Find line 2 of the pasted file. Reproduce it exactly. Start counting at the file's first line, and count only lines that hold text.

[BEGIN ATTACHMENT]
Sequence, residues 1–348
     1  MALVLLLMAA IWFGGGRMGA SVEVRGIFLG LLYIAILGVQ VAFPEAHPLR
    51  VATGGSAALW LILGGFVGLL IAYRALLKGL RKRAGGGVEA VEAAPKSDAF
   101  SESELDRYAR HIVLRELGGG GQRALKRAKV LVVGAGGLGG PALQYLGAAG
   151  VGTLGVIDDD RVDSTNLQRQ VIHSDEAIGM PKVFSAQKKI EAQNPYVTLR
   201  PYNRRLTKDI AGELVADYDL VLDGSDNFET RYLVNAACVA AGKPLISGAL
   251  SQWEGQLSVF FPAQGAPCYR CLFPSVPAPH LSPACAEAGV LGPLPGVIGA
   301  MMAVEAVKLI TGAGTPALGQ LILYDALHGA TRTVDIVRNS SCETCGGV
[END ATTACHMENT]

     1  MALVLLLMAA IWFGGGRMGA SVEVRGIFLG LLYIAILGVQ VAFPEAHPLR